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Simultaneous determination of serum galectin-3 and -4 levels detects metastases in colorectal cancer patients



Development of effective ways to detect metastases is highly desirable for improving the therapeutic strategies and survival of cancer patients. Serum levels of galectin-3 and -4, two members of the galactoside-binding galectin family, have recently been reported to be markedly increased up to 31-fold in the bloodstream of colorectal cancer patients and in particular those with metastases.


We found that simultaneous determination of serum galectin-3 and -4 levels in a single assay provides a high specificity and sensitivity in distinguishing colorectal cancer patients without metastases from those with liver metastases. This result was partly attributed by a reciprocal relationship of serum galectin-3 and -4 levels in patients with metastases. Higher serum galectin-3/-4 levels at the time of primary tumour removal in patients who did not exhibit clinically detectable metastases were associated with a trend of a poorer patients’ survival in the next 10 years.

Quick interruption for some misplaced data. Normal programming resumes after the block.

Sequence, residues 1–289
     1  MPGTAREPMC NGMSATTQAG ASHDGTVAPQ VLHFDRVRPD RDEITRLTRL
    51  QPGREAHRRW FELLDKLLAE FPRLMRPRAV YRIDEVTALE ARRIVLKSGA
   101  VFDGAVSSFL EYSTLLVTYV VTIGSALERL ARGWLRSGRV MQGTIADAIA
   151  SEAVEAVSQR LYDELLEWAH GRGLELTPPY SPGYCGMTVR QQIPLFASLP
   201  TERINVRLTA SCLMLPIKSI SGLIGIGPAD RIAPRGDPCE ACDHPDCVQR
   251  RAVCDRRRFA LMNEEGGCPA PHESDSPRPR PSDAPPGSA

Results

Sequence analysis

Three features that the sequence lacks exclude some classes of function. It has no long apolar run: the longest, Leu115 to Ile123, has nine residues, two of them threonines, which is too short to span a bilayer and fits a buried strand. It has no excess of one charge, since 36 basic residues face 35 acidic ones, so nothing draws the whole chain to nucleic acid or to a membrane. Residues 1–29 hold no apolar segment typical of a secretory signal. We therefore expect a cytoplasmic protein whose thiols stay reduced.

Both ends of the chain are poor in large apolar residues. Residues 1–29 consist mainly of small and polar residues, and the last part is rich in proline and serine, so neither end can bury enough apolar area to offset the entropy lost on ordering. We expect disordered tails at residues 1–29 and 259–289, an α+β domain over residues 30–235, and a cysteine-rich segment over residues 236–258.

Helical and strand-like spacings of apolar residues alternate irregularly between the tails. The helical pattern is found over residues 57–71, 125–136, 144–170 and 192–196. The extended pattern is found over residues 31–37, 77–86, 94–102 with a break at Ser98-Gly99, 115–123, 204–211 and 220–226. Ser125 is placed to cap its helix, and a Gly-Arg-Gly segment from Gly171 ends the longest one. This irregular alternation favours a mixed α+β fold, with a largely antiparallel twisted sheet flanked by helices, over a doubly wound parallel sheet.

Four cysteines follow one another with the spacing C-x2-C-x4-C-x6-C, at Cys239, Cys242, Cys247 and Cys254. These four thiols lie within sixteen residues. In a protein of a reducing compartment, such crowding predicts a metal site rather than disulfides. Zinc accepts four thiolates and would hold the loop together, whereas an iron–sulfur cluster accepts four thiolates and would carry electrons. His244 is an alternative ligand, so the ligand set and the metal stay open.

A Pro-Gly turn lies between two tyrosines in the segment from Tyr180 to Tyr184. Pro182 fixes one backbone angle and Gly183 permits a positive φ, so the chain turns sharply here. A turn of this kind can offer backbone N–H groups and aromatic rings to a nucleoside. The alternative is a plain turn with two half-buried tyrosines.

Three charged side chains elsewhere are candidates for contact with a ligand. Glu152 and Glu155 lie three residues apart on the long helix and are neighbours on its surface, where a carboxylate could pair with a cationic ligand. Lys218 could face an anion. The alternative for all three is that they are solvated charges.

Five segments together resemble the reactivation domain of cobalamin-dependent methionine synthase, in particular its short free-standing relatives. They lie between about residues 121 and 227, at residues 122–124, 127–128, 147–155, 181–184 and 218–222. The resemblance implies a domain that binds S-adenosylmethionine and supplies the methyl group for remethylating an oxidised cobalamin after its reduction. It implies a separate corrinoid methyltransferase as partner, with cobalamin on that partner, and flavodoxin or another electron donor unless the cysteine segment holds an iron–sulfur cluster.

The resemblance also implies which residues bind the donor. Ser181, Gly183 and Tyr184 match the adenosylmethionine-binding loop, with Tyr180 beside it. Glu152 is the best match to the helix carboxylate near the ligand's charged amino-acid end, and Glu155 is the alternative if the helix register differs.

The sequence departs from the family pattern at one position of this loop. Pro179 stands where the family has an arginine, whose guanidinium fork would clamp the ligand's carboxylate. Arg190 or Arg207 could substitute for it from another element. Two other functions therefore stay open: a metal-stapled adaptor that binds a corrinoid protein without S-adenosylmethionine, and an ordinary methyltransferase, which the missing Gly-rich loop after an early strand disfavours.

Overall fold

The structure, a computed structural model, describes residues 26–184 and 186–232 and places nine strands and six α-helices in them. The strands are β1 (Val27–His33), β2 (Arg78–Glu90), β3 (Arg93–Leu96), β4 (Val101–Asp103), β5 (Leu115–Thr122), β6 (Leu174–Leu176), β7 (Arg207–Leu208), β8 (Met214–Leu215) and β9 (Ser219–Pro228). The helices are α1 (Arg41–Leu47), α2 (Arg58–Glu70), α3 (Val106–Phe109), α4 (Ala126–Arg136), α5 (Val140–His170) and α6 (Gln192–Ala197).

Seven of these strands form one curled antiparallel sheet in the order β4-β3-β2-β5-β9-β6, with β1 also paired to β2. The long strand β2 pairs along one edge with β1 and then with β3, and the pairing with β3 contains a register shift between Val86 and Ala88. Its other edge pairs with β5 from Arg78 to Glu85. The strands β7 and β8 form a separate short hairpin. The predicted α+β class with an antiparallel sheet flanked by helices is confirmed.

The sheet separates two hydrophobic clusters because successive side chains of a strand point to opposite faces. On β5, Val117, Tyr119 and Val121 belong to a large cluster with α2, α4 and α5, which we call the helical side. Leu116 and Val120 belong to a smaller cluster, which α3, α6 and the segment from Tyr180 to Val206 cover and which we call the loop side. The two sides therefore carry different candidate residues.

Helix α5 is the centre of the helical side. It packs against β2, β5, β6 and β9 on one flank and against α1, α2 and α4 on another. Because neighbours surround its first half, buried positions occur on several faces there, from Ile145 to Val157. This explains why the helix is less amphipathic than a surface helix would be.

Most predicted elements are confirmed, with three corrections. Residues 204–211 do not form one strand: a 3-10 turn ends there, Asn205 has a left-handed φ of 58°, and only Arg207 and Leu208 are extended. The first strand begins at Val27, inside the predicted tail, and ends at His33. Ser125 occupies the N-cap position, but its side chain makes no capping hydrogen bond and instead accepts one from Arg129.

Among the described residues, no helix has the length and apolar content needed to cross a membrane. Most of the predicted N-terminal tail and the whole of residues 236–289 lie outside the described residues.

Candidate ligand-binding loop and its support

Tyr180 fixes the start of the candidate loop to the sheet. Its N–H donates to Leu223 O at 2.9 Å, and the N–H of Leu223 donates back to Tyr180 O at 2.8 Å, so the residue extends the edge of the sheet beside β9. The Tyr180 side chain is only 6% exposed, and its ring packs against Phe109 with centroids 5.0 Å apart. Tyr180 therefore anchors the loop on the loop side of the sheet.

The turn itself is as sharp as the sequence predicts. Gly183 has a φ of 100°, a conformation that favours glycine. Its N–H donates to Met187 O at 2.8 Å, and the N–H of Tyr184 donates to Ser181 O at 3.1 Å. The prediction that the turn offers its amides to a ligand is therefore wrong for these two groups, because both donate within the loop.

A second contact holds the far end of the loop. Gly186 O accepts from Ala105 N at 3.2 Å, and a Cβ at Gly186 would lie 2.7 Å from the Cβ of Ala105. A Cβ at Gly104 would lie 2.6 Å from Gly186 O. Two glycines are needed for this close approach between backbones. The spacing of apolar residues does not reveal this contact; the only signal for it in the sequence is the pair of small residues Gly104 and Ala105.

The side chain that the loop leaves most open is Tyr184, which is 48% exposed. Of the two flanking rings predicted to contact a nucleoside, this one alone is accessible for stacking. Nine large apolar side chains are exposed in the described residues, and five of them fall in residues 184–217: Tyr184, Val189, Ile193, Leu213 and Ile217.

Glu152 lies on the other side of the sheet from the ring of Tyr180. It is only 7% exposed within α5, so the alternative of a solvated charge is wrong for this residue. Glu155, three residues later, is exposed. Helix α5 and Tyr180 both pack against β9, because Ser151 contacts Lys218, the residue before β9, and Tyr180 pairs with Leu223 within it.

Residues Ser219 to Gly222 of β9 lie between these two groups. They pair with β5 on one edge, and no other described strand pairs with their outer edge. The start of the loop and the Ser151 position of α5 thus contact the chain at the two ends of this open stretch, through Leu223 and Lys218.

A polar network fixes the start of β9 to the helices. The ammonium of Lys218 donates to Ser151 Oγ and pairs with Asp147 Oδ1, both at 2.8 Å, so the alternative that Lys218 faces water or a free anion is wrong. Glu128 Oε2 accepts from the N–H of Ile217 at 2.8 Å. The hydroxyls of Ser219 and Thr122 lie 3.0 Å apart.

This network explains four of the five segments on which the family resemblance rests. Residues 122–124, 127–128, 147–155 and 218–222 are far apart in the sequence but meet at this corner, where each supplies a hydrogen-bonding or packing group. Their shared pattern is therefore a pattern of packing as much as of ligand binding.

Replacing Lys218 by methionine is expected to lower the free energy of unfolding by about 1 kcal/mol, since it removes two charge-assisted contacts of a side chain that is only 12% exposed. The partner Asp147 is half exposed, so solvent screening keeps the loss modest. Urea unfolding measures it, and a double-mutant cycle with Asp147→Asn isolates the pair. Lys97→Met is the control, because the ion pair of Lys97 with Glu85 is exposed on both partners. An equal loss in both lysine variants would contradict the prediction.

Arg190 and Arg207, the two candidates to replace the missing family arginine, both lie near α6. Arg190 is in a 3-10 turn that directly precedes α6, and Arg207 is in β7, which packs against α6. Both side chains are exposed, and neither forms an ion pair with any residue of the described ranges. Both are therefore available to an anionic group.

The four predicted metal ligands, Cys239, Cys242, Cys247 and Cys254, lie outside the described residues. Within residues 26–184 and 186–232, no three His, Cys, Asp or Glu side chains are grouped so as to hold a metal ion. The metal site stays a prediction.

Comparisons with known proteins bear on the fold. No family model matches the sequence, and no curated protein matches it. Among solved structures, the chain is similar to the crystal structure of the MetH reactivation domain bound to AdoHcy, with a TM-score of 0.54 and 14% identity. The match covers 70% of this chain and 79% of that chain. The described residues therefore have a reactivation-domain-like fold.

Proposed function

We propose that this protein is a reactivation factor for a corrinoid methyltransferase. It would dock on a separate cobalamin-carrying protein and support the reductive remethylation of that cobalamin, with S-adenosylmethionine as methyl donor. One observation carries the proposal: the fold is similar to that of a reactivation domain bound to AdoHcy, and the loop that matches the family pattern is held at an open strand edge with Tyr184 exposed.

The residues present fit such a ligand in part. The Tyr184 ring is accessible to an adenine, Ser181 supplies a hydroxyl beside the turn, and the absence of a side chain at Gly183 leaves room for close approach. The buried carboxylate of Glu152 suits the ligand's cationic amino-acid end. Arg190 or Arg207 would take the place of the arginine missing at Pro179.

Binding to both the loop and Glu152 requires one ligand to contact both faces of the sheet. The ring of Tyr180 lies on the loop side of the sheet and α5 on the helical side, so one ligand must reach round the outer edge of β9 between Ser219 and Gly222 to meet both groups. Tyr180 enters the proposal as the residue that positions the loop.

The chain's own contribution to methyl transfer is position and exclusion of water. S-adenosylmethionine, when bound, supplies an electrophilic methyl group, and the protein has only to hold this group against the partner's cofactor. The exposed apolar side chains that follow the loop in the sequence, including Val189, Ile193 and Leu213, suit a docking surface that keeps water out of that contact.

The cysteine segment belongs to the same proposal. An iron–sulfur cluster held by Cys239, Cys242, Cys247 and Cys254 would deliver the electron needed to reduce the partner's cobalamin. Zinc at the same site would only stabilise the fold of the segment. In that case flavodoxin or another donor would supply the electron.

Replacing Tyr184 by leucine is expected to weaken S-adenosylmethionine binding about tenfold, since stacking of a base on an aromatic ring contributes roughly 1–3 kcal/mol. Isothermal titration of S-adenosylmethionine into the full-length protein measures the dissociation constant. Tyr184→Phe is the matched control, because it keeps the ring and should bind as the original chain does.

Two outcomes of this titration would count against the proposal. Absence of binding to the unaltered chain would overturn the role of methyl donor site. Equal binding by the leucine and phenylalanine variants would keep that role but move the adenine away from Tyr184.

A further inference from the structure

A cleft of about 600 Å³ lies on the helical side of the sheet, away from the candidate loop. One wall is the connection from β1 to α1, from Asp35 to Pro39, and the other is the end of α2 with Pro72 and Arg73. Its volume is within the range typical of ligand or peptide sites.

Simultaneous determination of serum galectin-3 and -4 levels can potentially be used alone or in combination with other assessments to detect colorectal cancer metastases.

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This study was supported by a North West Cancer Research Fund grant CR777 (to LGY).

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The authors declare no conflict of interest.

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Correspondence to Lu-Gang Yu.

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Barrow, H., Rhodes, J.M. & Yu, LG. Simultaneous determination of serum galectin-3 and -4 levels detects metastases in colorectal cancer patients. Cell Oncol. 36, 9–13 (2013).

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  • Galectin-3
  • Galectin-4
  • Metastasis
  • Colorectal cancer